5 Tips On Guiding Your Kid To Their First Debit Card

5 Tips On Guiding Your Kid To Their First Debit Card

For many people today, a debit card has become the go-to way to pay. In fact, Americans now use debit cards more than twice as often as credit cards, according to recent Federal Reserve statistics.
teenage girl with debit card
teenage girl with debit card Source: Getty Images

So if you’re a parent looking to impart some financial wisdom to your kids, teaching them how to use a debit card for ATM withdrawals and purchases should be high on your list.

Here are five "teachable moments" involving debit cards that can help prepare your child for financial adulthood.

Teachable Moment #1: Account Minimums and Fees

Since a debit card links to a checking account, this is a good opportunity to acquaint your child with how banks work. At many banks, someone as young as 13 or 14 can open a checking account, although a parent will typically have to put his or her name on the account as well.

To start an account, your child will have to come up with enough money to cover the initial minimum deposit. The bank might impose maintenance fees if the balance falls below a certain amount. Kids also need to be aware of any extra fees their bank charges to use ATMs that are affiliated with other financial institutions.

As with a checking account, using a debit card can result in overdrafts (that is, spending more money than is in the account) along with overdraft fees. If your child goes to buy gas with a debit card and doesn’t have enough money in the bank to cover it, the sale will typically be declined at the pump. Your child can arrange for overdraft protection to prevent that situation, although there are usually fees involved. Another option is to link his or her checking account with a savings account at that bank so money can be automatically transferred to avoid an overdraft.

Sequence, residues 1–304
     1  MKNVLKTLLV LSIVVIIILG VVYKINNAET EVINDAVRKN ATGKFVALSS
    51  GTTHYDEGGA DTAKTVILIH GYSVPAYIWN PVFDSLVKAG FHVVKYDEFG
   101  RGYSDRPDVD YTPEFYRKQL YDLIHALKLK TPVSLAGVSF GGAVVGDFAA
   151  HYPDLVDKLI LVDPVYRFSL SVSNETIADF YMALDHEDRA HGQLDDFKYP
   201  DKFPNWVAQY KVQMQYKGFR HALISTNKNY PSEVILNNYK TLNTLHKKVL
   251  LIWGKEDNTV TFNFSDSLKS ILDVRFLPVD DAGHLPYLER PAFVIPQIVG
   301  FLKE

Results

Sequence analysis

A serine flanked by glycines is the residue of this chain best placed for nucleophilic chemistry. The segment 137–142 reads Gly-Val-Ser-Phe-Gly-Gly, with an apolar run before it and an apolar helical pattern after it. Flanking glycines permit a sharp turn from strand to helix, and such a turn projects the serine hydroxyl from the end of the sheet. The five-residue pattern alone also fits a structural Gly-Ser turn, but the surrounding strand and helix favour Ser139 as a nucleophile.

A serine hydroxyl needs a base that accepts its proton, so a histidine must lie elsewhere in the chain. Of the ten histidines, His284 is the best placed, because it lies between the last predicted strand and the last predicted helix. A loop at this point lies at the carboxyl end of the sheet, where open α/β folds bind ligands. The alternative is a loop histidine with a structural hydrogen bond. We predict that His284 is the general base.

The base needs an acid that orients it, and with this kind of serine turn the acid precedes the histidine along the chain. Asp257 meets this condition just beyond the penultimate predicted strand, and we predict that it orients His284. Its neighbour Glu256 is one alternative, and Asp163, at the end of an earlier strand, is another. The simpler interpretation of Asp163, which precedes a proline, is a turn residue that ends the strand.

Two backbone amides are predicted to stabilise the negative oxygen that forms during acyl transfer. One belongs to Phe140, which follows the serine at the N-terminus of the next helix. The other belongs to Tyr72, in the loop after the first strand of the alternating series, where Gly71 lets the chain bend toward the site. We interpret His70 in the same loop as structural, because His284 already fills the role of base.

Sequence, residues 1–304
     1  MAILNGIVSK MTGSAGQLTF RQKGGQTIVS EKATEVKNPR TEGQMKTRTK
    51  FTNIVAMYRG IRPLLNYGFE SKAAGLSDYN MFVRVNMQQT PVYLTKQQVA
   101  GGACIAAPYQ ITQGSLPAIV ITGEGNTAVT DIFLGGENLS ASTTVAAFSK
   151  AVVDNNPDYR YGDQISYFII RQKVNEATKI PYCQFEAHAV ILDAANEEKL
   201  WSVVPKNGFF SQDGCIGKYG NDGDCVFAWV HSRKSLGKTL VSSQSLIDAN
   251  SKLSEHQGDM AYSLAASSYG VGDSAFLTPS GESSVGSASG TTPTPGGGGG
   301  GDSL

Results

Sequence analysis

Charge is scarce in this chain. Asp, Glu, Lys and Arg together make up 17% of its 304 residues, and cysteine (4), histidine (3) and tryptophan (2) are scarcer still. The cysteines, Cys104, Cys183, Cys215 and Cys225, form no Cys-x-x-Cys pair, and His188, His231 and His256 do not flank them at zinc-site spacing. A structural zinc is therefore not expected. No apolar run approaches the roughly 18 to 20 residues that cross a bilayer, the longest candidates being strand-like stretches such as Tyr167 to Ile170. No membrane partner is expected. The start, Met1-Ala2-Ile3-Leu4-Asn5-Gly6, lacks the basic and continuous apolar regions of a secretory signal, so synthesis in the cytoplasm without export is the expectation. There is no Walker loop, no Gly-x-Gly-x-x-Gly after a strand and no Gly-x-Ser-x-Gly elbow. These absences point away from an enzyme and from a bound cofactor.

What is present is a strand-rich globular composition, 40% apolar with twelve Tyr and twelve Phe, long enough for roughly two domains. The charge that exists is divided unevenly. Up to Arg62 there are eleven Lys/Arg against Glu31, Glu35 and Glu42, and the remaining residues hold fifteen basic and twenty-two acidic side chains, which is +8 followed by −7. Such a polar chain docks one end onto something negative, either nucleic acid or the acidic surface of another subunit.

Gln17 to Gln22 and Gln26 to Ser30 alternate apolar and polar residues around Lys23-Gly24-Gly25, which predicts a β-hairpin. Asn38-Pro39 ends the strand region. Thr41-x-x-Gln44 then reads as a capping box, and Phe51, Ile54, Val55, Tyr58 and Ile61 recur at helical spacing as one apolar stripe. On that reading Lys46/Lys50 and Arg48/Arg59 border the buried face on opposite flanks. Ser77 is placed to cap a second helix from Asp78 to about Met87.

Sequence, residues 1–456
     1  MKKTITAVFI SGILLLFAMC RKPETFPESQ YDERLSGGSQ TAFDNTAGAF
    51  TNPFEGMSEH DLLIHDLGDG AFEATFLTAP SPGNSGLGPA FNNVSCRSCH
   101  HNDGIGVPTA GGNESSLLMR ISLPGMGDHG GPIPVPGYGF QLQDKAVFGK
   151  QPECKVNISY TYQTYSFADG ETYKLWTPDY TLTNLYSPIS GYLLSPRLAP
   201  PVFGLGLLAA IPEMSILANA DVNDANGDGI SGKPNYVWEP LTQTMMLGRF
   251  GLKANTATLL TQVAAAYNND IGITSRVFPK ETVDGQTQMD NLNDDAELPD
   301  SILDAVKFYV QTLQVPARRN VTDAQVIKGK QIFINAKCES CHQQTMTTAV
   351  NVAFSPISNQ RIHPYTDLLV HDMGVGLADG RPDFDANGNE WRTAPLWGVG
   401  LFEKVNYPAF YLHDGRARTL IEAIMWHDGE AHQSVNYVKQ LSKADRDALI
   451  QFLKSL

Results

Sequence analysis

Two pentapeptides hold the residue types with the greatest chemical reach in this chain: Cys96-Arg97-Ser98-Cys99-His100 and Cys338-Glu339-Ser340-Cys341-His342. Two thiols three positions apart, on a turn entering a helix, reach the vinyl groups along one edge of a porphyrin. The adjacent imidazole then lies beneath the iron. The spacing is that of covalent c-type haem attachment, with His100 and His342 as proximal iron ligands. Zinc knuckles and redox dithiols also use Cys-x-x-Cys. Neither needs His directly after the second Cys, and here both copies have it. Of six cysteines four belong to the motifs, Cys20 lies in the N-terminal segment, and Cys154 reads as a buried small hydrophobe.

One other lesson about fees: They are sometimes negotiable. So encourage your child to ask the bank if it can waive the maintenance fee or a first-time overdraft fee, for example. It may not work, but it’s good practice for later life.

Teachable Moment #2: Managing Their Money

Urge your child to get in the habit of reviewing his or bank statement, either online or on paper, each month and suggest that he or she sign up for alerts (by email or text) when the account’s balance dips below a certain amount. Check out any of the many apps that will help with tracking account balances, managing spending, and budgeting.

Teachable Moment #3: Explore Other Card Features

Debit cards often provide protections that are worth making sure your child knows about, just in case. Some offer "zero liability" in the case of unauthorized purchases, and many now use chip technology to reduce the likelihood of fraud in the first place. Your child might also be able to sign up for ID theft alerts.

Today’s debit cards often have features that were once associated just with credit cards, such as extended warranty or price protection. Extended warranty protection typically doubles any original warranty (the manufacturer’s or store’s) of one year or less. Price protection means that if you find a lower price on an item within a specified amount of time (say, 60 days) you can get the difference between the price you paid and the lower advertised price.

Teachable Moment #4: Debit vs. Prepaid

You might be wondering if it would be easier for a child just to use a prepaid card instead of a debit card. A prepaid card is independent of a bank account; you simply load money onto it for spending purposes. On the plus side, you won’t have to worry about your child racking up overdraft fees. But on the minus side, he or she won’t be learning as much about how to manage an account.

Prepaid cards also lack many of the consumer protections that other cards have. The federal Consumer Financial Protection Bureau has developed new disclosure rules and protections for people whose prepaid cards are lost or stolen. However, those rules don’t take effect until April 2018 and could be rescinded in the meantime.

Teachable Moment #5: Model These Behaviors Yourself

You can give your son or daughter wonderful financial advice, but it also helps to demonstrate that you follow your own recommendations. You don’t need to share every detail of your financial life, but show that you check your own back statements regularly, pay attention to where your money’s going, and don’t hesitate to challenge fees that you think are unwarranted or unreasonable.